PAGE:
B7-H3 Specific CAR T Cells for the Naturally Occurring, Spontaneous Canine Sarcoma Model

Shihong Zhang, R. Graeme Black, Karan Kohli, Brian J. Hayes, Cassandra Miller, Amanda Koehne, Brett A. Schroeder, Kraig Abrams, Brian C. Schulte, Borislav A. Alexiev, Amy B. Heimberger, Ali Zhang, Weiqing Jing, Juliana Chi Kei Ng, Himaly Shinglot, Bernard Seguin, Alexander I. Salter, Stanley R. Riddell, Michael C. Jensen, Stephen GottschalkPeter F. Moore, Beverly Torok-Storb, Seth M. Pollack*

*Corresponding author for this work

Research output: Contribution to journalArticlepeer-review

3 Scopus citations


One obstacle for human solid tumor immunotherapy research is the lack of clinically relevant animal models. In this study, we sought to establish a chimeric antigen receptor (CAR) T-cell treatment model for naturally occurring canine sarcomas as a model for human CAR T-cell therapy. Canine CARs specific for B7-H3 were constructed using a single-chain variable fragment derived from the human B7-H3–specific antibody MGA271, which we confirmed to be cross-reactive with canine B7-H3. After refining activation, transduction, and expansion methods, we confirmed target killing in a tumor spheroid three-dimensional assay. We designed a B7-H3 canine CAR T-cell and achieved consistently high levels of transduction efficacy, expansion, and in vitro tumor killing. Safety of the CAR T cells were confirmed in two purposely bred healthy canine subjects following lymphodepletion by cyclophosphamide and fludarabine. Immune response, clinical parameters, and manifestation were closely monitored after treatments and were shown to resemble that of humans. No severe adverse events were observed. In summary, we demonstrated that similar to human cancers, B7-H3 can serve as a target for canine solid tumors. We successfully generated highly functional canine B7-H3–specific CAR T-cell products using a production protocol that closely models human CAR T-cell production procedure. The treatment regimen that we designed was confirmed to be safe in vivo. Our research provides a promising direction to establish in vitro and in vivo models for immunotherapy for canine and human solid tumor treatment.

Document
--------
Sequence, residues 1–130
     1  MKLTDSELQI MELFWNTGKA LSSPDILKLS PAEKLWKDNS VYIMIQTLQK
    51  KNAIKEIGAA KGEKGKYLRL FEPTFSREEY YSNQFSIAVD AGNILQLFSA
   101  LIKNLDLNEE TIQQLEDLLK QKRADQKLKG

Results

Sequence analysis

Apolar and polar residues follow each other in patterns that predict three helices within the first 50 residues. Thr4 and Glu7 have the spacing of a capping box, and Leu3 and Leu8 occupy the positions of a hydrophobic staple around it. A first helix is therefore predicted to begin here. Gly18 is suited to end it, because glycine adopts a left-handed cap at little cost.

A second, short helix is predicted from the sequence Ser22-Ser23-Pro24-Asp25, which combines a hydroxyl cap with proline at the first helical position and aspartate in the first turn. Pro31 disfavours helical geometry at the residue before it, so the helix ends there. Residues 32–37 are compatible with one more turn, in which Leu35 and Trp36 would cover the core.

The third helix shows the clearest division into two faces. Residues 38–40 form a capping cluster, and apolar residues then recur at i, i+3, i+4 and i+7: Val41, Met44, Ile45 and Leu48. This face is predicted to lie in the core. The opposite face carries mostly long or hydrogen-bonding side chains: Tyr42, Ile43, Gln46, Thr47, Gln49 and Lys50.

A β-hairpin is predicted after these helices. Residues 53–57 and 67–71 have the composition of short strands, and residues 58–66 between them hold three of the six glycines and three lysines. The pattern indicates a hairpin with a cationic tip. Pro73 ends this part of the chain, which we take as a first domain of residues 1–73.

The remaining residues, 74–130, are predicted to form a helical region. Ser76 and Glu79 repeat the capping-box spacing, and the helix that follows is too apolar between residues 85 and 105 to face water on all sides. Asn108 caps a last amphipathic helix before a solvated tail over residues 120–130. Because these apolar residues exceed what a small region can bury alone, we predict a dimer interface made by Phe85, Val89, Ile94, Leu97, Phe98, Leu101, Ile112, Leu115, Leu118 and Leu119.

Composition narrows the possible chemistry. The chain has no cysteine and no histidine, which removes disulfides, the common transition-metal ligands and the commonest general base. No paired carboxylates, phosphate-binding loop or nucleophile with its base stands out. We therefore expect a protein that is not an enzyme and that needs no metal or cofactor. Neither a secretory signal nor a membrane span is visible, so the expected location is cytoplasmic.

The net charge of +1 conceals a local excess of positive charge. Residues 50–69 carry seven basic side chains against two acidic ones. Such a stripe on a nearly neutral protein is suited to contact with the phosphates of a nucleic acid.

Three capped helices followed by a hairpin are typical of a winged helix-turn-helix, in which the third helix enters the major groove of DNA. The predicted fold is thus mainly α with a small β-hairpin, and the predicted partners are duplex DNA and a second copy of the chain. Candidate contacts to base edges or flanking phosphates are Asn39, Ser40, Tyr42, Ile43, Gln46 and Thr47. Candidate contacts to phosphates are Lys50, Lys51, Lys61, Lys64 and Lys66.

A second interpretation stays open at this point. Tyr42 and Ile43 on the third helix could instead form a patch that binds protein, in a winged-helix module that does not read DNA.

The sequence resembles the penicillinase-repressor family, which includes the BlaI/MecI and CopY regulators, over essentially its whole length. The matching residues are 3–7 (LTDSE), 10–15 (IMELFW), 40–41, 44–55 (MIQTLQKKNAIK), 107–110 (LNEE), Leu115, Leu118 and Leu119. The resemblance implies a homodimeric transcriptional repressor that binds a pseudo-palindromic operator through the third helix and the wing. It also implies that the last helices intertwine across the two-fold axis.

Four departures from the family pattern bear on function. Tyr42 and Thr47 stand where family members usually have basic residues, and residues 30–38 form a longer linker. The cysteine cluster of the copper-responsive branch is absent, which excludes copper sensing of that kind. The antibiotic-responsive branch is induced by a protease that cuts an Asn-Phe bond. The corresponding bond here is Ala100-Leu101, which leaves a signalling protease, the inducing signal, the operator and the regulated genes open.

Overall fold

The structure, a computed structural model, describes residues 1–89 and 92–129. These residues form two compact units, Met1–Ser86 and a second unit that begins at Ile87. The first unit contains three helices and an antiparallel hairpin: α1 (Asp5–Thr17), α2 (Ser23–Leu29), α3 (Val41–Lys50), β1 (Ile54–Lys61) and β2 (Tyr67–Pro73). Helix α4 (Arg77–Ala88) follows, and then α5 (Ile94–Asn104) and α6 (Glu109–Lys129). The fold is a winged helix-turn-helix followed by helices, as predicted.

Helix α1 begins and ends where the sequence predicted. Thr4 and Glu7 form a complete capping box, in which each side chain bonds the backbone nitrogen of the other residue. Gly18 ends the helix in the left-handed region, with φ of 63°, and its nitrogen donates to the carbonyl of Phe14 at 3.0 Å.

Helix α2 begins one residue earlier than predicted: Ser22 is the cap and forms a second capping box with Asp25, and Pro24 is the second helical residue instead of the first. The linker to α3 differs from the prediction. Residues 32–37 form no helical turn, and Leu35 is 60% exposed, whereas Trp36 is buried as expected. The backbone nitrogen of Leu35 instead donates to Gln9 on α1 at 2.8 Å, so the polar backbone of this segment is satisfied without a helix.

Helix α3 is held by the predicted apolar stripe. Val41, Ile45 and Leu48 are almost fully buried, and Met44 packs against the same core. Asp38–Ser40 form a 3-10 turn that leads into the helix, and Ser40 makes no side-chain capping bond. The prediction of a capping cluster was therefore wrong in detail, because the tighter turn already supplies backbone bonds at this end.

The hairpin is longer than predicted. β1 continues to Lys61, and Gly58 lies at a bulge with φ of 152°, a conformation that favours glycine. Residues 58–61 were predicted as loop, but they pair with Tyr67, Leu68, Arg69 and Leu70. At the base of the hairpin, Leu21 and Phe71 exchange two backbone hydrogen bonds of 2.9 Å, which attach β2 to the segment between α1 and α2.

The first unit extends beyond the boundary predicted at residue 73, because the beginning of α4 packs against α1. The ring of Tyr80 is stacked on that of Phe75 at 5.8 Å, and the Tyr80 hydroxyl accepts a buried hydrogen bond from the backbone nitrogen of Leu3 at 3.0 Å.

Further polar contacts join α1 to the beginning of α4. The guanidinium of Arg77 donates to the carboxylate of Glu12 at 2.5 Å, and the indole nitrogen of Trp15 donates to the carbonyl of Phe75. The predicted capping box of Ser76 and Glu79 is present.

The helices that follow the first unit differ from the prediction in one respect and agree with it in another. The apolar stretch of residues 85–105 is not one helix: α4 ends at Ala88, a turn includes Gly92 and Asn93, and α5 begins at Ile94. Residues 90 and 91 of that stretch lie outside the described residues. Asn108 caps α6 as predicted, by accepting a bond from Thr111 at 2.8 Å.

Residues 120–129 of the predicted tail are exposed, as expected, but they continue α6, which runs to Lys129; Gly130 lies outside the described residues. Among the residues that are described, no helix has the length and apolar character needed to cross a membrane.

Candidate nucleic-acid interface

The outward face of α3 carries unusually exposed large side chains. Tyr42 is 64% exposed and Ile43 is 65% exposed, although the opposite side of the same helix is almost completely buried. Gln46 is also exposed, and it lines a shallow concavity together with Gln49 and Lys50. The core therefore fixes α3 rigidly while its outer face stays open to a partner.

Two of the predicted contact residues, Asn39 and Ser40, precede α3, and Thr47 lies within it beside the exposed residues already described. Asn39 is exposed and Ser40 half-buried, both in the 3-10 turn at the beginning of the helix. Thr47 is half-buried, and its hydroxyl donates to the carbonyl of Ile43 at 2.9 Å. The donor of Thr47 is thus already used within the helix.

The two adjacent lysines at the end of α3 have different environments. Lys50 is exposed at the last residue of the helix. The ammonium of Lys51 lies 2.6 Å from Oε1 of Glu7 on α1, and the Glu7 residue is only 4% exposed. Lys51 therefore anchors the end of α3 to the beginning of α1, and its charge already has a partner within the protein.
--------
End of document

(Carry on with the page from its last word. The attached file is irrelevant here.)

Original languageEnglish (US)
Pages (from-to)999-1009
Number of pages11
JournalMolecular cancer therapeutics
Issue number6
StatePublished - Jun 2022

ASJC Scopus subject areas

  • Oncology
  • Cancer Research


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